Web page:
Pet treats and animal food containing hemp derivatives, including CBD, are still not allowed under federal law, and South Carolina agriculture officials say they will start cracking down on companies selling them this month.
The South Carolina Department of Agriculture (SCDA) plans to notify consumers and animal feed manufacturers that hemp and CBD are not permitted in animal feed products in the state.
Beginning Jan. 3, the SCDA said, it will send letters to pet treat and animal food manufacturers if their products are found in distribution.
Companies receiving a letter can reformulate their products to remove hemp and CBD ingredients and then resubmit a formal registration application to the agency.
A failure by companies notified to act within the agency’s time frame “may result in further regulatory action,” the SCDA noted. The agency did not elaborate.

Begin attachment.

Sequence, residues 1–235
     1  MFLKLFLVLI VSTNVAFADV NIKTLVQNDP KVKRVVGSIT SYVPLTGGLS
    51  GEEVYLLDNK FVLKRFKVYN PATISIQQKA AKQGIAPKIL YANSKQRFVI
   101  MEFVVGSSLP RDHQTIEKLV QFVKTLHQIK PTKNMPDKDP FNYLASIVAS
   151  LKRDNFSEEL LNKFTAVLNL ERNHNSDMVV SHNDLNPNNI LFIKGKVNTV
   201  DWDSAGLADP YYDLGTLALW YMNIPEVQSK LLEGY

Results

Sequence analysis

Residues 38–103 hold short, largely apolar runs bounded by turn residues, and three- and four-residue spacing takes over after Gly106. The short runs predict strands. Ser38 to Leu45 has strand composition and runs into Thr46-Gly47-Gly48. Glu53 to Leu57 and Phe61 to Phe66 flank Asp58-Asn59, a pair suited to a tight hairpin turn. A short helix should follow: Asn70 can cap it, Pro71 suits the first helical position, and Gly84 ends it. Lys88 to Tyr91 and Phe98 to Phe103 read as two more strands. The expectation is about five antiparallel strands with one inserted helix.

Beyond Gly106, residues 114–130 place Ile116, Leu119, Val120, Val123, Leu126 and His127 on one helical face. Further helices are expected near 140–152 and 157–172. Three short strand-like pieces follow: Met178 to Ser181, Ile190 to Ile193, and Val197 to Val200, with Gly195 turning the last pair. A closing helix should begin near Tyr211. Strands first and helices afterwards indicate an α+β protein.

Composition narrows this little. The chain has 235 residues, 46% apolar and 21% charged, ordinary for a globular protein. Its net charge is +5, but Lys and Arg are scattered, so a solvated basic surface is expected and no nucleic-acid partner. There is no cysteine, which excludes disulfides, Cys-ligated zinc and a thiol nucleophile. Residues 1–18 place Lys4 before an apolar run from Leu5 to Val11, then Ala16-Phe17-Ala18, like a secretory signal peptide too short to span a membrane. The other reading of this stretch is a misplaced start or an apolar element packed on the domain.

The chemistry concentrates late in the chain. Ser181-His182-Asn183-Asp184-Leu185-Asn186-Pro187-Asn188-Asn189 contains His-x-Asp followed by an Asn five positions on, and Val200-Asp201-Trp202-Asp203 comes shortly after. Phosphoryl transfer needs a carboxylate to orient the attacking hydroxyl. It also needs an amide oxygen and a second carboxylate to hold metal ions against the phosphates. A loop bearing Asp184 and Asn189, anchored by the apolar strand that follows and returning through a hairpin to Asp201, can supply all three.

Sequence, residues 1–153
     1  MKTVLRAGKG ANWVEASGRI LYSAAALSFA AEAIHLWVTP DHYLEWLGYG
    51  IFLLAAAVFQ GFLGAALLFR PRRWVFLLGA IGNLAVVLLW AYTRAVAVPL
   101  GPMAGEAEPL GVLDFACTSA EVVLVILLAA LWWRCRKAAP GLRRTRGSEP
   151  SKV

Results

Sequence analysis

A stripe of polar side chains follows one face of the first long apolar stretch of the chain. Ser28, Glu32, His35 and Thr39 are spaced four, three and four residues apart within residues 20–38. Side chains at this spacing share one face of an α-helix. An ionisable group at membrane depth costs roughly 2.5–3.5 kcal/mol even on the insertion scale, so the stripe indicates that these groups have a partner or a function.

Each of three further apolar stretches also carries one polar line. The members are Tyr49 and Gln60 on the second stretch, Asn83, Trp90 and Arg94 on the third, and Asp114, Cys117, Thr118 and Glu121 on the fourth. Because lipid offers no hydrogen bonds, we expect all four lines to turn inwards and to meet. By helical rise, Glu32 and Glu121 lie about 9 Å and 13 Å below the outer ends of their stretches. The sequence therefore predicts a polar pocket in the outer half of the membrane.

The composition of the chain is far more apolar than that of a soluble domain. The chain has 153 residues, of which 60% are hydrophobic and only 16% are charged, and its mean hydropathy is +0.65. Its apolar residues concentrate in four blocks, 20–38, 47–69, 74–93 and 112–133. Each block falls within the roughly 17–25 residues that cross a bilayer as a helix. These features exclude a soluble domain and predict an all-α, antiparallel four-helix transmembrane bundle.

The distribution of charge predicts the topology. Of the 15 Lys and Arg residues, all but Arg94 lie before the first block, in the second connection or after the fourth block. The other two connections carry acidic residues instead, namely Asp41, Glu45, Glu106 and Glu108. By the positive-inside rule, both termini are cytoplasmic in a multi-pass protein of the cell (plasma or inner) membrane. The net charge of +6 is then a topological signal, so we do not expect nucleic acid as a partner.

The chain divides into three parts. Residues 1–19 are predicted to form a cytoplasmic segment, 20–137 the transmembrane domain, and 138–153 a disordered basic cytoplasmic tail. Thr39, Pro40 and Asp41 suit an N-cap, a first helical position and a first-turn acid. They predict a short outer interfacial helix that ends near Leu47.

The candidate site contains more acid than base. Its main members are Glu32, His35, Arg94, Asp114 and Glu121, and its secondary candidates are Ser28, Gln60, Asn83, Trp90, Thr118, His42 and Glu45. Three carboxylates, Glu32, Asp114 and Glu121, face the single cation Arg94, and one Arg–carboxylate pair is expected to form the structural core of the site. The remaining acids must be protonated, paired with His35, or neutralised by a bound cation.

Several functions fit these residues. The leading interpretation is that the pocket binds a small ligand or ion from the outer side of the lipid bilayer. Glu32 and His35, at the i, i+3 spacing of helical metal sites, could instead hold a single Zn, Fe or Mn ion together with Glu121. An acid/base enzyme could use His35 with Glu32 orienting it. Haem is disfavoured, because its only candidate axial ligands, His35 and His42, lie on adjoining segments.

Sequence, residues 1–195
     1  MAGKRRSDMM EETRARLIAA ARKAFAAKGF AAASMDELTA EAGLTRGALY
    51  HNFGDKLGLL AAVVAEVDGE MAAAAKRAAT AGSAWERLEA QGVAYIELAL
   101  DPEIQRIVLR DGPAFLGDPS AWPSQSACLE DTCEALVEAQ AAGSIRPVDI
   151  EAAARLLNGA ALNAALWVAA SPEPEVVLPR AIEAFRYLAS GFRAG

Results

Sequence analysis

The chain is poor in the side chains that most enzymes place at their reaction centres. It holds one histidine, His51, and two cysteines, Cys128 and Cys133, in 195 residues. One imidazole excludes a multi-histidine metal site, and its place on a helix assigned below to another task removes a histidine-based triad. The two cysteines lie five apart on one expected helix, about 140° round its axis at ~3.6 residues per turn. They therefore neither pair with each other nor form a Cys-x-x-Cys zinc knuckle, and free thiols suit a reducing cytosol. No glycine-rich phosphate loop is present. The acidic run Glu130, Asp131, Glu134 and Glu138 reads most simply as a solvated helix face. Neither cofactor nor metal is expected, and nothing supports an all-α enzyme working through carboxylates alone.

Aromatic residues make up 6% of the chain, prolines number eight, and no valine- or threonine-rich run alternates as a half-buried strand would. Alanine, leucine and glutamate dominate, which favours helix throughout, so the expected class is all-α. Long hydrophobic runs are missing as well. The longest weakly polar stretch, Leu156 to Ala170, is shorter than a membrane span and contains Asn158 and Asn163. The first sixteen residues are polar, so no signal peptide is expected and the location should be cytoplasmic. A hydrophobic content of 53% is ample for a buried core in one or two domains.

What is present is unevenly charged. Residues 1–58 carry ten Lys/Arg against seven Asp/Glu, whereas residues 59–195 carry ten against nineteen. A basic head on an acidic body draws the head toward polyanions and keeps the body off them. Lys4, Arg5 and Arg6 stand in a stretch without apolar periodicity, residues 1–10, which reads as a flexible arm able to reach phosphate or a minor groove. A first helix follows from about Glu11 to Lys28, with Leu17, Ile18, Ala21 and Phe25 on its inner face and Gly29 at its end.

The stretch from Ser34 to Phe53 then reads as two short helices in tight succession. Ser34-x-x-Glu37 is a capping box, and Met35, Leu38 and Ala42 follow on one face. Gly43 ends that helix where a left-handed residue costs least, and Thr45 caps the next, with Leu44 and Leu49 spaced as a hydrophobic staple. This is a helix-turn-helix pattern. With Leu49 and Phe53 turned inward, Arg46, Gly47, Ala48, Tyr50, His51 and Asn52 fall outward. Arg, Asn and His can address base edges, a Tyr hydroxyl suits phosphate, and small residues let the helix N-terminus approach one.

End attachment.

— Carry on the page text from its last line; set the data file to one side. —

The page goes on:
Commercial animal feed sold in South Carolina must be registered annually with the SCDA.
The Center for Veterinary Medicine at the U.S. Food and Drug Administration (FDA) regulates animal feed ingredients, and all potential ingredients are subject to a formal scientific review by the agency.
Hemp and CBD have not yet been reviewed or approved as ingredients for animal feed.
The SCDA’s action was reaffirmed by a notice from the FDA in late November stating that because of a lack of scientific information supporting the safety of CBD in food, the agency could not conclude that CBD is generally recognized as safe (GRAS).